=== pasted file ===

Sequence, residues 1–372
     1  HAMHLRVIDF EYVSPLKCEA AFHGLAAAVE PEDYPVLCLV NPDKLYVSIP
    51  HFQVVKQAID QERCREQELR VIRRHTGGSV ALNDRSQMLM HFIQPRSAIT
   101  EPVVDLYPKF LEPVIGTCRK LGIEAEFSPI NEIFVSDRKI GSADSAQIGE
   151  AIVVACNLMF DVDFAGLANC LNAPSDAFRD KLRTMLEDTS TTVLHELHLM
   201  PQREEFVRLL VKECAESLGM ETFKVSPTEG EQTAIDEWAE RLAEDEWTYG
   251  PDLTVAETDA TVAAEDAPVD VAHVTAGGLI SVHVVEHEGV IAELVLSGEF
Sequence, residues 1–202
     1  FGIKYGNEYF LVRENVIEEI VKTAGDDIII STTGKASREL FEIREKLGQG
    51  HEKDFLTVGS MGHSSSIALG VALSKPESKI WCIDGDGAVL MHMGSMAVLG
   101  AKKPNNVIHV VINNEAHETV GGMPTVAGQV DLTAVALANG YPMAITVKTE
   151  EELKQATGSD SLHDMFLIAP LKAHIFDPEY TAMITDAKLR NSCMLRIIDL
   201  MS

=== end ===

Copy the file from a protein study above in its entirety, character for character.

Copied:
Sequence, residues 1–372
     1  HAMHLRVIDF EYVSPLKCEA AFHGLAAAVE PEDYPVLCLV NPDKLYVSIP
    51  HFQVVKQAID QERCREQELR VIRRHTGGSV ALNDRSQMLM HFIQPRSAIT
   101  EPVVDLYPKF LEPVIGTCRK LGIEAEFSPI NEIFVSDRKI GSADSAQIGE
   151  AIVVACNLMF DVDFAGLANC LNAPSDAFRD KLRTMLEDTS TTVLHELHLM
   201  PQREEFVRLL VKECAESLGM ETFKVSPTEG EQTAIDEWAE RLAEDEWTYG
   251  PDLTVAETDA TVAAEDAPVD VAHVTAGGLI SVHVVEHEGV IAELVLSGEF
Sequence, residues 1–202
     1  FGIKYGNEYF LVRENVIEEI VKTAGDDIII STTGKASREL FEIREKLGQG
    51  HEKDFLTVGS MGHSSSIALG VALSKPESKI WCIDGDGAVL MHMGSMAVLG
   101  AKKPNNVIHV VINNEAHETV GGMPTVAGQV DLTAVALANG YPMAITVKTE
   151  EELKQATGSD SLHDMFLIAP LKAHIFDPEY TAMITDAKLR NSCMLRIIDL
   201  MS